Emily Higham is a contemporary Jeweller who uses the process of enamelling to explore colour and pattern within jewellery. Using a combination of industrial liquid enamel layered over vitreous enamel, Emily creates delicate and aesthetical jewellery pieces that are inspired by the beautiful colours and patterns of honeycomb and the shapes and layers found within beehives.
Emily graduated from Edinburgh College of Art in 2016 with a BA(Hons) in Jewellery and Silversmithing and in 2017, won the Guild of Enamellers bursary award. Since then, she has been developing and expanding her collection from her studio at home in Preston, Lancashire.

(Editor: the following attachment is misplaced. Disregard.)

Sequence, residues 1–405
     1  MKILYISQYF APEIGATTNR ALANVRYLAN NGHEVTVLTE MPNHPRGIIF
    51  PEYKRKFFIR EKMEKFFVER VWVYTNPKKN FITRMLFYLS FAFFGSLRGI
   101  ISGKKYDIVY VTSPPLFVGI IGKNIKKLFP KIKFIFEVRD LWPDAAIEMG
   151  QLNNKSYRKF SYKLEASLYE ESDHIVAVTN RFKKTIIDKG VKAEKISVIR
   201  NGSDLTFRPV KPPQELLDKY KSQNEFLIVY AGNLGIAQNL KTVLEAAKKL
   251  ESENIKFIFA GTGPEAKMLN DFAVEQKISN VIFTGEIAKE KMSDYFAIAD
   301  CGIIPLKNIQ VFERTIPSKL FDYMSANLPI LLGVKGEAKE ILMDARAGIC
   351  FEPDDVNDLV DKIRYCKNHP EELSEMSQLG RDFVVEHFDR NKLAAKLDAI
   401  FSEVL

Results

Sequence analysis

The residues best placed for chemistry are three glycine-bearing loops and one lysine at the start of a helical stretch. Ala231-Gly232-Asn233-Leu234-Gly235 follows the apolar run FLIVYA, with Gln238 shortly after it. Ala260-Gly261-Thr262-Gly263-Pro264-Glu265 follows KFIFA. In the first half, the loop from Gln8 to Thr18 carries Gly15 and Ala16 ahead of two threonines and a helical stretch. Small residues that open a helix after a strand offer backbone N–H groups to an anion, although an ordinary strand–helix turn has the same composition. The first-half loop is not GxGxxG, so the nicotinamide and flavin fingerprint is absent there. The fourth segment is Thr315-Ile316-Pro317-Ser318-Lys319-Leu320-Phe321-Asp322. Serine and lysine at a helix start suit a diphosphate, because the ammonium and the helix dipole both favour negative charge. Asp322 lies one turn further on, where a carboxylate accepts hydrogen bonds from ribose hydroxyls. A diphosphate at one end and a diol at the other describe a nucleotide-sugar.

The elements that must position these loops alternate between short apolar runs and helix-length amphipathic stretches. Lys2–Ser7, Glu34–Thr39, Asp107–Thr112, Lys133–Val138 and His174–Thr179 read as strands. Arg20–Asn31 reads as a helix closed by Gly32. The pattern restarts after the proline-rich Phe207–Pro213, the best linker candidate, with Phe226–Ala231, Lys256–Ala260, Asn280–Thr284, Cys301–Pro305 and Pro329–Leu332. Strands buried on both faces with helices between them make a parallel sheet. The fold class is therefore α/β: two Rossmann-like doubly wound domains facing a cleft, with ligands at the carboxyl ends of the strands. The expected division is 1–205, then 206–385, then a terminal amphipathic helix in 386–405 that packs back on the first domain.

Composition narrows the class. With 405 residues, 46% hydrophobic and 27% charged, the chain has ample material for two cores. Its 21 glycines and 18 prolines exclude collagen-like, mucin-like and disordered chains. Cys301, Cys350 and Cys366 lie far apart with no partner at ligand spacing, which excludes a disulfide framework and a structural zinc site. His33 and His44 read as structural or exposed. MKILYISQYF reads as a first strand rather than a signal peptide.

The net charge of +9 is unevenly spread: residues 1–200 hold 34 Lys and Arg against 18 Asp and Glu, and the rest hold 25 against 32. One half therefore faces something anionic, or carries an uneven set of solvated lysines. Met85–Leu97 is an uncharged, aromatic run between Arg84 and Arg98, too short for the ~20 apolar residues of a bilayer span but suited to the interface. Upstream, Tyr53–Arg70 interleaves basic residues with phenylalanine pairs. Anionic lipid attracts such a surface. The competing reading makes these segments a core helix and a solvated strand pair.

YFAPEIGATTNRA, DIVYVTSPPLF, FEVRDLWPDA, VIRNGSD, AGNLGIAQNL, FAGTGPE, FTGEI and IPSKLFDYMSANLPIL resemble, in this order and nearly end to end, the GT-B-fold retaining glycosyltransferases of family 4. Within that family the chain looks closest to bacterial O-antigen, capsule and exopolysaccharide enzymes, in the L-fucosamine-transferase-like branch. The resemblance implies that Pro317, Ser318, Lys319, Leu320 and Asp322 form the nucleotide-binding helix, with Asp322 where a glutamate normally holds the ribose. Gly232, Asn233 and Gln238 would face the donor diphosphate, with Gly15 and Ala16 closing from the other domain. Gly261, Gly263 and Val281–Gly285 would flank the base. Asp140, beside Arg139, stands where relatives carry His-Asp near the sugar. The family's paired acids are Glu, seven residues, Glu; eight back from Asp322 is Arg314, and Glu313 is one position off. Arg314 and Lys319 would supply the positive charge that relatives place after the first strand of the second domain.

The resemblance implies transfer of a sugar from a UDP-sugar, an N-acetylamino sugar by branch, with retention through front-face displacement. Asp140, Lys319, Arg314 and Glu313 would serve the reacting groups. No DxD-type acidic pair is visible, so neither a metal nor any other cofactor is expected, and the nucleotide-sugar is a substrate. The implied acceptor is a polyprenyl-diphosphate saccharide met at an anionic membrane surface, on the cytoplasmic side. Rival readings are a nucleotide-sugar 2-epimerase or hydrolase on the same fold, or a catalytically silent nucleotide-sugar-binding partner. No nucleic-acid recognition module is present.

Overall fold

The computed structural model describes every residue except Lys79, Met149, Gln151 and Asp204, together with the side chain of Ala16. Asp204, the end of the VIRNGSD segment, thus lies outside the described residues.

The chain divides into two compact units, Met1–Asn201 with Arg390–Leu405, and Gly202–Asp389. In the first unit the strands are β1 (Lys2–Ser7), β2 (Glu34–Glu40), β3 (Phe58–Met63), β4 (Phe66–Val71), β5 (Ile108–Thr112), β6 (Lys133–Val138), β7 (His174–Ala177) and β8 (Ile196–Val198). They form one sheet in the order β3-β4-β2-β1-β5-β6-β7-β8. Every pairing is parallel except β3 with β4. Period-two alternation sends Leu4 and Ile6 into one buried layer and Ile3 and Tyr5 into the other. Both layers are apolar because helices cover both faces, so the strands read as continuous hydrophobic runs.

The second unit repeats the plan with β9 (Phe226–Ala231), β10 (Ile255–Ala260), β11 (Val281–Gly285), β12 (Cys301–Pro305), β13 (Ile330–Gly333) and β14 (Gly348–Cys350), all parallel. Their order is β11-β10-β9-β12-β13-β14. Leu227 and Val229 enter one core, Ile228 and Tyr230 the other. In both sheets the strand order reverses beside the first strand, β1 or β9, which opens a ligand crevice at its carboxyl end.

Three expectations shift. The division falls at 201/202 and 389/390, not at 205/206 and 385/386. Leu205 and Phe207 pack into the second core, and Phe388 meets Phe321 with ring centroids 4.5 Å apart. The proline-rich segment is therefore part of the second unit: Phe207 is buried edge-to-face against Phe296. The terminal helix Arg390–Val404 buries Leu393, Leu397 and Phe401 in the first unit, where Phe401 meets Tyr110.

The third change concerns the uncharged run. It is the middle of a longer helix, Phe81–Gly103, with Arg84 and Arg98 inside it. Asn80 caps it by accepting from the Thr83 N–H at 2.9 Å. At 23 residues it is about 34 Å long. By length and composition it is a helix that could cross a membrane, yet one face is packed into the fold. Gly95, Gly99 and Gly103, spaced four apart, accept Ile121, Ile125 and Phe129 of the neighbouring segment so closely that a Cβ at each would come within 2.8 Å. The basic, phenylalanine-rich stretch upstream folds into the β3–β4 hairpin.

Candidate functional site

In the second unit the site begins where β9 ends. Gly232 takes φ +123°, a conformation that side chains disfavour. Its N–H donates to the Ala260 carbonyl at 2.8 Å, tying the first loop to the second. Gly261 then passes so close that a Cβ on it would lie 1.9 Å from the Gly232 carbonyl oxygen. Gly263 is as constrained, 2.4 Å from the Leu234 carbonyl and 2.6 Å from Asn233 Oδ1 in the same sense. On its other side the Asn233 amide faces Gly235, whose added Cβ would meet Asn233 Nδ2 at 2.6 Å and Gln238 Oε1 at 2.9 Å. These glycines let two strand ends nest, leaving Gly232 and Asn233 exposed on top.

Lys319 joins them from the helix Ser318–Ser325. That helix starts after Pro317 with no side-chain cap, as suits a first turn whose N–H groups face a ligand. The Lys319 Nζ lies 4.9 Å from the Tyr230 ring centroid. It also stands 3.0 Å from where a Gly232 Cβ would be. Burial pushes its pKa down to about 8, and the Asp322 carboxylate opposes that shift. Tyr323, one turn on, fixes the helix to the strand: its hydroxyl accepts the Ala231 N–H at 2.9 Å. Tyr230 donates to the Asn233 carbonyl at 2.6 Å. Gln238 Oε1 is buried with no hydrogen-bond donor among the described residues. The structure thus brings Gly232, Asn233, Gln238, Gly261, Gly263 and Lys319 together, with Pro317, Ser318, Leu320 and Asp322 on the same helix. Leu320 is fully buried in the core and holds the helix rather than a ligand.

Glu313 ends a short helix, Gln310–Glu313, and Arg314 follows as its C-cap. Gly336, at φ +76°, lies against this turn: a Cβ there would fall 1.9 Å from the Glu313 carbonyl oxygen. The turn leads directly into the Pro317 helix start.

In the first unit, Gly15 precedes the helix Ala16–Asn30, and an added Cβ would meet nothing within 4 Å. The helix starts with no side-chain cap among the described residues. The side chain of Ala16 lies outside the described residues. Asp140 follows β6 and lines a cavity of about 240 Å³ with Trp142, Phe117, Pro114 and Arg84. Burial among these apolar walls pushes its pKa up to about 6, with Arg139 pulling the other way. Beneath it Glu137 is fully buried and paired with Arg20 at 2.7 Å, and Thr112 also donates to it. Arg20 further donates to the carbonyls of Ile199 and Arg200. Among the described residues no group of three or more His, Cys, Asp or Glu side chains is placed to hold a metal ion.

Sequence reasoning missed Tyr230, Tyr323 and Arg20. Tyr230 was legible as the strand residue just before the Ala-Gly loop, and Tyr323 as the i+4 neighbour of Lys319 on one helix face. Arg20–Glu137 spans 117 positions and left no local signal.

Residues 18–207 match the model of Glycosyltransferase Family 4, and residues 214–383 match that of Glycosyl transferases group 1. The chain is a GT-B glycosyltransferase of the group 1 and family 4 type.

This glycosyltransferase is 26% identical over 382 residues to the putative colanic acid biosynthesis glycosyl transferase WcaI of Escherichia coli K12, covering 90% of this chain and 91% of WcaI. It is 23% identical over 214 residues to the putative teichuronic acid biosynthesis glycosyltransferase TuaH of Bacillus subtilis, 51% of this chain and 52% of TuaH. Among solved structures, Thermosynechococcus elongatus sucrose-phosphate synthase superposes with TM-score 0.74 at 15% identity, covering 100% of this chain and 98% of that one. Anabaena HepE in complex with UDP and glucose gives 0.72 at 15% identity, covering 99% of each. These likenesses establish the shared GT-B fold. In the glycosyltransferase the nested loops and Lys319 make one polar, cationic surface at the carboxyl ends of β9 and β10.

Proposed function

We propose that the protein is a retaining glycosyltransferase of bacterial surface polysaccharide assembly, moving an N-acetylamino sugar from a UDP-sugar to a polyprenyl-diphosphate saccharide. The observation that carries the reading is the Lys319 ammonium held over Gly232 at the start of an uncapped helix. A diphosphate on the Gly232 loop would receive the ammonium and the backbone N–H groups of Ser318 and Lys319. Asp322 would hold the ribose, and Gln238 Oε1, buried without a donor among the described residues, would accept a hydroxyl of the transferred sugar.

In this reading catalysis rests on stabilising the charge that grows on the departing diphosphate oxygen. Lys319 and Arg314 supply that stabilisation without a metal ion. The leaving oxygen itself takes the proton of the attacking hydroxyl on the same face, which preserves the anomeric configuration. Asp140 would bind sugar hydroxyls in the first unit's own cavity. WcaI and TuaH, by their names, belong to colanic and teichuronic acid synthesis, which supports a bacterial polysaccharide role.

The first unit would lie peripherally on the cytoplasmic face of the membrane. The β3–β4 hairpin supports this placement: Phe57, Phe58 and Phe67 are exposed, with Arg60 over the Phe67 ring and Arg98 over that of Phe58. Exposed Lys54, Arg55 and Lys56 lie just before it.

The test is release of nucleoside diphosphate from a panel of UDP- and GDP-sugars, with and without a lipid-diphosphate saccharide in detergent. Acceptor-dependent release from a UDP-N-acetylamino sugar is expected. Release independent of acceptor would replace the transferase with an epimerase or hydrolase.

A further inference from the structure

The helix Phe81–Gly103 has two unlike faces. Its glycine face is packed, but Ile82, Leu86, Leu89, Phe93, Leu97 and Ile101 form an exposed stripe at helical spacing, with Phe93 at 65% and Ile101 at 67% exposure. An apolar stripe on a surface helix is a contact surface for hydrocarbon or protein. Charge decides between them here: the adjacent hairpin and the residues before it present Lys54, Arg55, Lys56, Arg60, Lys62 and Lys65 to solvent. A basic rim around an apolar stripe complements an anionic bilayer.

‘Beehives and the beautiful gradient colours of honey and honeycomb inspire my jewellery. I take inspiration from the rectangular shapes of beehive boxes and the layers they are built upon, stacked in a neat uniform line above each other, contrasted with the organic unpredictability of how the honeycomb itself grows and forms around the frames within the hive boxes. These layers are then translated into formed metal and enamel. Resembling the layers built up within beehive boxes, both within the outside of the box and the rectangular slots hidden inside, the enamelling process itself is mainly about layering. One layer of enamel is fired on top of another, thus the process goes on. This process allows me to build up gradient layers of colours, marks and surface patterns which are then drawn into, fired repeatedly and layered together to reveal a collection of unpredictable marks and arrays of colour.’